On 6 May 2011, Judge Daniel David Nsereko Ntanda, from the Appeals Division of the International Criminal Court (ICC), completed a two-day visit to Kampala, Uganda. During this visit, he addressed the legal community and civil society organisations on the relationship between the ICC and Africa and the possibilities for African legal professionals to join the ICC list of counsel and assistants to counsel authorized to practice before the Court.
On 5 May, the Outreach Unit, in partnership with the Ugandan Coalition for the ICC (UCICC) organised a public lecture on the topic “ICC’s relationship with Africa” for civil society groups with Judge Nsereko Ntanda as guest speaker. The lecture was attended by 65 representatives of civil society groups drawn from Kampala and from the communities affected by crimes under ICC investigation coming from the Acholi, Teso, Madi and Lango sub-regions of north and northeastern Uganda.
In his presentation, Judge Nsereko Ntanda stressed that the ICC is not targeting African states, nor is it a Western imposition on the African continent and its peoples, as perceived by some actors; the ICC is an institution created by an international treaty, the Rome Statute, to which states in the exercise of their national sovereignty join freely and voluntarily. Currently, 31 African States are parties to the Rome Statute. The judge maintained that Africa needs the ICC and declared that the “Rome Statute is an organic or living law, which can be used expansively to advance the interests of humanity”. Concluding his lecture, the ICC judge stated that, “the Rome Statute is a big step forward in enhancing the role international law in that it criminalizes conduct that flagrantly violates basic human rights and constitutes the most serious crimes known to humanity – aggression, genocide, crimes against humanity and war crimes”. He underlined that, “to be effective, the Court needs the support and cooperation of states: to refer situations to the Court, to assist the surrender of suspects to the Court; and to facilitate the attendance if witnesses’’. Judge Nsereko Ntanda also urged members of the civil society to continue playing their vital role in helping the Court through advocacy and the rendering of expert advice to States Parties and other sections of the Court.
The Coordinator of the UCICC, Ms Joyce Freda Apio, expressed her appreciation to the Court for facilitating the judge’s visit. She called on the Court to explore a more robust mechanism to facilitate interaction between elected court officials and key stakeholders as a way of countering the misperception regarding the Court’s relationship with Africa. Following the lecture, several questions, concerns and comments were raised mainly on the issues of victims’ reparations, the scope of investigation, enforcement of ICC arrest warrants and witness protection.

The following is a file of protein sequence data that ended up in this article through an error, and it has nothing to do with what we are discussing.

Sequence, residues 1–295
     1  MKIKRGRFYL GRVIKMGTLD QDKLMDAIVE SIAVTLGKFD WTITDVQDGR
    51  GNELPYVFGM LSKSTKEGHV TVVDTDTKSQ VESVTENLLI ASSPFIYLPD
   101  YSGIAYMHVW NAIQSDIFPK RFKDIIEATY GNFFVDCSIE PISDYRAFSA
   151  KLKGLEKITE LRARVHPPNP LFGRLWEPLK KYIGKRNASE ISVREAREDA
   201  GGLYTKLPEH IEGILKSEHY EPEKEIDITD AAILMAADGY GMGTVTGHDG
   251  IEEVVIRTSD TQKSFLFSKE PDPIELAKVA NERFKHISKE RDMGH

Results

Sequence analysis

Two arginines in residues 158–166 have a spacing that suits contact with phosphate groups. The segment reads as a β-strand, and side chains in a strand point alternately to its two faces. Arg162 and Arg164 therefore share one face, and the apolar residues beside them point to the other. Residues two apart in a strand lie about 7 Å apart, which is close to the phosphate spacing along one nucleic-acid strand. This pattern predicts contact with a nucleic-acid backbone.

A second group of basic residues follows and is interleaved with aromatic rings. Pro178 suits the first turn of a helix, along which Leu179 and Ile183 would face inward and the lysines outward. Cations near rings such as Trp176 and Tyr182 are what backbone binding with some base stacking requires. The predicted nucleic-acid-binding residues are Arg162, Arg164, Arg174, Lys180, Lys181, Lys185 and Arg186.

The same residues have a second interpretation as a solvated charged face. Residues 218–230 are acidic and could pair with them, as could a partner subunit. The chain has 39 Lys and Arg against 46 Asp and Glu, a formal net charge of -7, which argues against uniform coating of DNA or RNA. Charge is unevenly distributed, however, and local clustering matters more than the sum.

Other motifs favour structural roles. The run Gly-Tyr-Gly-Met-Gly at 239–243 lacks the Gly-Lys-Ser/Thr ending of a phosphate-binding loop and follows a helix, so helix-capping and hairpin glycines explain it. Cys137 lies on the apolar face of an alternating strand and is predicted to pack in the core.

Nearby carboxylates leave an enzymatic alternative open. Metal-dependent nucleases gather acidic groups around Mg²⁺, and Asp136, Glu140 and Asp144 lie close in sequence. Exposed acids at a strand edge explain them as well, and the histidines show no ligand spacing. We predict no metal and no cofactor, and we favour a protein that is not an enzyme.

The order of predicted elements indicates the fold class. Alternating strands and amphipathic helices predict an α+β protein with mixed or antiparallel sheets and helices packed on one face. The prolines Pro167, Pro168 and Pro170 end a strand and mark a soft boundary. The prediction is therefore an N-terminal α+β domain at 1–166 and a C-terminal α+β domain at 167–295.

During the course of his visit, the judge addressed, on 6 May, 350 members of the legal community during the Annual General Meeting of the Ugandan Law Society. Over 100 of the attendees were female lawyers who are practicing in various Ugandan Courts. Judge Nsereko Ntanda noted that few African female lawyers are currently admitted on the ICC List of Counsel and Assistants to Counsel authorised to represent either victims or defendants who appear before the Court. He took the opportunity to encourage female lawyers to take advantage of the campaign Calling African Female Lawyers, which was launched last year in June during the Review Conference.
Mr Sam Sasan Shoamanesh from the Counsel Support Section, created within the ICC Registry, participated in the meeting and gave an overview of the application process for admission on the List of Counsel and Assistants to Counsel maintained by the Registrar. He also explained the international experience, training and other benefits lawyers will acquire, as well as the ICC Legal Aid Programme.
Speaking on behalf of the legal community, the President of the Uganda Law Society, Mr Bruce Kyerere, thanked the ICC for following up on the Calling African Female Lawyers Campaign that started last year. He also called on the lawyers present to take advantage of the ongoing campaign to sign up to the ICC List of Counsel, which will empower them to gain relevant international experience.
The situation in Uganda was referred to the Court by that State Party on 29 January 2004. The Prosecutor opened an investigation into the situation on 29 July 2004. Five warrants of arrest have been issued against top members of the Lords Resistance Army (LRA) for crimes against humanity and war crimes committed in Uganda since July 2002. Following the confirmed death of Raska Lukwiya, the proceedings against him have been terminated. The four remaining suspects are still at large.
For further information please contact Maria Mabinty Kamara, Field Outreach Coordinator for Uganda at +256-772-700655 or Maria.Kamara@icc-cpi.int